Oh wow this is an exciting discussion! I have been doing youth ministry for 14 or so years now. In the past I seemed to be able to find the things that youth needed. Today however I am more confused than ever. The last church I served had a youth group similar to what you described. Students active in the life of the church. These were also smart intellectual youth. They were able to challenge me on my understanding of God. But we were open to each other and to God’s leading. This was accomplished long before I arrived there. The problem I see in youth ministry now in my new context is that these youth are not as comfortable in who they are at school, on the soccer field, at home, or even at worship if they ever come. I am more at a loss for how to get them to open up and be who they will be. I feel they think they will be judged and that they need to be somebody other than who they are. I will follow with anxious anticipation to see what other people are experiencing with the youth of their faith community!

  • erin

    Oh, girl. I could talk about youth ministry for days! (But, I won’t, I promise!) I really love youth ministry. And, I really love your questions. You ask great questions, both of your daughters and of your readers. I think that’s an integral part of youth ministry: asking teens “real” questions about things that matter…about things that matter to you, to the Church, and to them. That is a great place to start: ask questions.

    The teenagers in my youth group in Alabama used to always fuss at me: “Stop answering our questions with questions! We’re asking you questions because we want to know your answer! If we had the answers, we wouldn’t be asking!” Ha! They fussed at me (and our other adult leaders) because we had the kind of relationship with our teens where they could be honest–and I think that is due, in large part, to the fact that we asked them about their thoughts, feelings, fears, hopes, and doubts. They know we cared, they know we wanted to know what they were thinking, they know their thoughts were valued, they know that we were creating a safe space for their questions to be nurtured and explored.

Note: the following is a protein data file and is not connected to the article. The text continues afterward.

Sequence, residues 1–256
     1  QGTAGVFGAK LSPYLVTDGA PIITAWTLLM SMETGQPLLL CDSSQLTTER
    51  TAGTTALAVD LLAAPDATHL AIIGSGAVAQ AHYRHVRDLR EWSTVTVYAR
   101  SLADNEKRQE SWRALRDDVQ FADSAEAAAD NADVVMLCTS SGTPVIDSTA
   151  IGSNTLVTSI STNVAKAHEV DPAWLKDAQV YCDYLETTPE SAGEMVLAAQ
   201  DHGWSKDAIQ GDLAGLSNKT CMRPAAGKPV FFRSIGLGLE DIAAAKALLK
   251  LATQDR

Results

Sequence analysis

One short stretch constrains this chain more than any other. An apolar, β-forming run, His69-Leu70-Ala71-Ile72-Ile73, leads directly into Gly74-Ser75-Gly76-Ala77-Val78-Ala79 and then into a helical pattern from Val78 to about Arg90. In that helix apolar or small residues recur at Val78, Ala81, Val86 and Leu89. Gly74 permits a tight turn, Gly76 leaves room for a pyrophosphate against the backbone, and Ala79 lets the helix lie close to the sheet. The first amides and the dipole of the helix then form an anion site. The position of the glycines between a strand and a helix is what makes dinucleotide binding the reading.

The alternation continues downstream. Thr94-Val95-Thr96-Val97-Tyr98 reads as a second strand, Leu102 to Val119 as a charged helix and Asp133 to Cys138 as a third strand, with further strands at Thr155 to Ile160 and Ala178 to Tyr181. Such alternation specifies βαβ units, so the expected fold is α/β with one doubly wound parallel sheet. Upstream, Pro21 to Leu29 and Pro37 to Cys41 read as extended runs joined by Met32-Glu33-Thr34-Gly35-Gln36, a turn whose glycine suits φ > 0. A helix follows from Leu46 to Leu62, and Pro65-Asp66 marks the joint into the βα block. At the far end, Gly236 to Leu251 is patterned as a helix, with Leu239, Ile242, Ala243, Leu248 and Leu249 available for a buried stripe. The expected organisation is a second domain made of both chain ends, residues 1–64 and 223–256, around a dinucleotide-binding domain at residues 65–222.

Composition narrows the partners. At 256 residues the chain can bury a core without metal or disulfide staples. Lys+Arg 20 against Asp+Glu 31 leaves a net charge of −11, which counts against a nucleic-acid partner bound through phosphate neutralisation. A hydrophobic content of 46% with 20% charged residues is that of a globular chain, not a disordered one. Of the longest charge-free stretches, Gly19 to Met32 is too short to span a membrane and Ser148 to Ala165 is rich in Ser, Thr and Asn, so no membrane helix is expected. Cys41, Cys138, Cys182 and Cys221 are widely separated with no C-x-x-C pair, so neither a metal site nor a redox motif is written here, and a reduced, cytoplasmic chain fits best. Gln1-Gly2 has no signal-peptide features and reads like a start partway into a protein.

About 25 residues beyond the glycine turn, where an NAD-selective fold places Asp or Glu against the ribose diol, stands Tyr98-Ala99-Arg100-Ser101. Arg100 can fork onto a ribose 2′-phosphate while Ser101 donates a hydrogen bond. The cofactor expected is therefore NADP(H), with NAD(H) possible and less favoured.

It’s important to create an environment for teens where they can be themselves and flourish, just as you are saying, Kristin; and taking them seriously as partners in ministry with opinions, ideas, hopes, and doubts is a great first step.

  • http://thealchemistblog.wordpress.com Gen

    I agree that being loved for who you are and what you bring to the table is a huge part of keeping youth at Church. But hear me out on this: speaking as an ex-Christian, a large part of it is just a coming of age, starting to think for yourself thing. You hit that point where you ask yourself, “Now, do I really believe these things I’ve been taught?” and many teens and young adults leave at that point because the answer is no. It isn’t always some offense the Church has committed, or the small-mindedness of the powers that be (though that’s often a factor). Sometimes it’s just a conscious, well-thought-out choice. Implying that the Church can change itself enough to keep these youth from leaving then often feels hurtful and discounts the ability of ex-Christians, especially young ex-Christians, to think calmly and rationally about faith decisions.

    And we haven’t all had a bad experience. I’m sure it’s hard for believing Christians to imagine a world where Christ isn’t the one right path that everyone ends up on if all the right things are in order. But that’s the world that I, and many other non-Christians, exist in. It can be hard to hear people talking about how to “keep people from leaving the Church,” when that statement seems to imply suppressing our truth and freedom, and controlling our spirituality for us.

    I know you would never encourage that, K, and I’m sure you’re mostly addressing your thoughts to those youth who believe in Christ but who’ve been alienated. Just wanted to add my piece about how those statements can be perceived by ex-Christians.

  • http://www.aneccentricmagnolia.com Roxanne